But, with each deposed and disfigured artifact, humanity loses another reference to the paths it has trod – for good or ill. And it is difficult to denounce hatred of any form when displaying behavior that so closely resembles it. Move these monuments from their stations of prominence, and place them in modest, humble surroundings. Alongside their original inscriptions, give context to explain the ignominy surrounding their making – and further affirm that today we strive for a better world in which there will never again be such a need. These monuments are memorials to soldiers, but also to a great and still-wounded part of our nation’s collective conscience. They should be preserved for remembrance and for caution, but not for glory.
As some act to remove statues commemorating the Confederacy, may we pause to reflect on which memorials should be removed. There are statues to influential leaders and others to simple soldiers. The statue in Durham honored those soldiers who fought for the South. Desecrating that statue is much like disrespecting and defacing memorials to the soldiers of Vietnam, most of whom are still alive.
Many who fought these wars were conscripts or merely enlisted to because of the pressures of the draft, not because of a particular ideology or hatred for others. Most were boys who were not privileged to debate or influence political outcomes. They were called and they fought for each other, for groups no larger than a dozen or so. For those in the infantry their war was one of five feet to 100 meters. My plea is that people remember that to disrespect any enlisted soldier is to disrespect all soldiers, even the ones who are protecting us today.
As we make decisions about the future of Confederate monuments, it helps me to recall that, “It’s a rich man’s war and a poor man’s fight.” My family had a number of relatives die fighting for the Confederacy. Most of them lived hard lives, with little education or security. But they were undeniably better off than the slaves whose continued servitude they fought for. America is long overdue in addressing its shameful racial past more candidly and forcefully. It has also just endured an election where the traditional fault lines of our politics and economy were on ugly display.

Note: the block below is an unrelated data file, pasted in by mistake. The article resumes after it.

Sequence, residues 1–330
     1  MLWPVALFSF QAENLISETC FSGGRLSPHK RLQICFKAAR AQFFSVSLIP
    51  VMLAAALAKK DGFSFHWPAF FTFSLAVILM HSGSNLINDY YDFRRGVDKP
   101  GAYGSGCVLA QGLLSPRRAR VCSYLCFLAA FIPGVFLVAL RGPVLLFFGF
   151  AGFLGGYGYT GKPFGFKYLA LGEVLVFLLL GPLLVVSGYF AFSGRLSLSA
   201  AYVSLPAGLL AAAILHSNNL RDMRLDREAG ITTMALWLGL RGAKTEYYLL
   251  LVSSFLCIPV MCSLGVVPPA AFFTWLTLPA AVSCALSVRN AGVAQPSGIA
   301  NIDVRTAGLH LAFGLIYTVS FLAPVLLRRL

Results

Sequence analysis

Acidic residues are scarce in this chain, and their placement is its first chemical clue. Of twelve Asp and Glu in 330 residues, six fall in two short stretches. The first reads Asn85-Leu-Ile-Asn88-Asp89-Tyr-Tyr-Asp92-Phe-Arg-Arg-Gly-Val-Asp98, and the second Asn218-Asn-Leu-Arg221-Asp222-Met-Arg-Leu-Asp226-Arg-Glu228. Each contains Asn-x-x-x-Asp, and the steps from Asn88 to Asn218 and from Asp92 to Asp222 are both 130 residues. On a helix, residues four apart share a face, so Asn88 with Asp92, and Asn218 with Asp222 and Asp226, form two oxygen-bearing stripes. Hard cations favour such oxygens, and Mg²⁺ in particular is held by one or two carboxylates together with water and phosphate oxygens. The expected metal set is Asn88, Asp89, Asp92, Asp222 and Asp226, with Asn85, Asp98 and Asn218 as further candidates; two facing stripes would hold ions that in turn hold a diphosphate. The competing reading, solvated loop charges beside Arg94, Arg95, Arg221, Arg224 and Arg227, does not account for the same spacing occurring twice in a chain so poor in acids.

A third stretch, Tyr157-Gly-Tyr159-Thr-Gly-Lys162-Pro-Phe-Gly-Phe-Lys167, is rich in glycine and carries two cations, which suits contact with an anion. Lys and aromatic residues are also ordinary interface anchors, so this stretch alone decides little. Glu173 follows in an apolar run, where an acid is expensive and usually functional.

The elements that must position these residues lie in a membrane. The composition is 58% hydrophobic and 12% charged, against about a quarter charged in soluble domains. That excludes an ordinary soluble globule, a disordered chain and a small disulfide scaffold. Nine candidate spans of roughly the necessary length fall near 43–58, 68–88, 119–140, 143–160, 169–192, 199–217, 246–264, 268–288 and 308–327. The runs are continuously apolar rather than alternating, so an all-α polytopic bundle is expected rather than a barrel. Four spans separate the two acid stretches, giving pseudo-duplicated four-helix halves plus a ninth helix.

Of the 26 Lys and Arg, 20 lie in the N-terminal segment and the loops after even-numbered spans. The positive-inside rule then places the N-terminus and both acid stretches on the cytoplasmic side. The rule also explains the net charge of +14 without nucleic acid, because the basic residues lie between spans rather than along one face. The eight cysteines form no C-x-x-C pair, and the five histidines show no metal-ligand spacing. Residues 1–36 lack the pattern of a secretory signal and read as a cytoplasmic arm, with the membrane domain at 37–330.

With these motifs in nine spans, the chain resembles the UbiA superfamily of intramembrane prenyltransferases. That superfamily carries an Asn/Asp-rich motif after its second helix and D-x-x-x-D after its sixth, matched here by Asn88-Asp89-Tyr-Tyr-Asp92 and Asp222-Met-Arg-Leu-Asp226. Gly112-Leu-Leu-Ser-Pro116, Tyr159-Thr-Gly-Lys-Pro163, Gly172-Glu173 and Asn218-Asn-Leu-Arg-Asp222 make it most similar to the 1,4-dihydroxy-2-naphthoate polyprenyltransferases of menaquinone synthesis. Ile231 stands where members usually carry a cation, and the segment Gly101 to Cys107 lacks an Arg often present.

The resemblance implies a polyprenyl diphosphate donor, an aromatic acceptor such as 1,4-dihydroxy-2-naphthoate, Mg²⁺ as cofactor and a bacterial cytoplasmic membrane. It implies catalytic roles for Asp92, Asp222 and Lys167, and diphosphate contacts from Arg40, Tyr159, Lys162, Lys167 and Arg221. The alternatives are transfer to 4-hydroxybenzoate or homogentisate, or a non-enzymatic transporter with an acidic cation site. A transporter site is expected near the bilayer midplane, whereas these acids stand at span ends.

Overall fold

Unsurprisingly, that ugliness has grown in its wake, with our President himself fanning the flames. To create a more equitable society, people must focus more directly on those areas where race, gender and class come together, in candid private conversations, and in public spaces where policies are devised to overcome persistent injustices and inequality. There is no other adequate way forward. Good people can disagree on what those policies should be, but can no longer pretend that we can keep putting off these conversations and debates. I’d like to think my dead Confederate relatives would participate with an open mind and heart today.
Work for unity
Some thoughts as the furious debate over Confederate memorials comes to our community. First, once a statue is erected it is not mandatory that it stay up forever. When American forces conquered Baghdad they made quite a big deal about pulling down statues of Saddam Hussein, and I don’t know many who regretted the fall of statues of Lenin after the end of the Soviet Union.
But up until now the most divisive period of my life was the Vietnam War, when some Americans answered what they saw as their obligation to fight for our nation and other Americans were certain that to support the war was to go against everything America truly stood for. We built a memorial to the men and women who sacrificed in that conflict; for me, it doesn’t matter if they actually believed the arguments that led us there or if they were moved by concepts of duty and community that had nothing to do with Cold War politics. For many Southerners those memorials honor young men who marched away and never came back.
Yet how can we expect African-Americans to accept statues that honor those who fought, at the end of the day, for the perpetuation of the evil system of slavery? Nor should it be forgotten that after the Civil War came a century of denying the rights of black Americans. At the very least there should be a way to “contextualize” these sad chapters of history. There are hundreds of heroes who fought against racism; why not put a statue of one of them next to every memorial to the Confederate past?
Fifty-four years ago a man spoke of the day when “the sons of former slaves and the sons of former slave owners will be able to sit together at the table of brotherhood.” We still need to find a path to that dream.
Joe Swain Jr.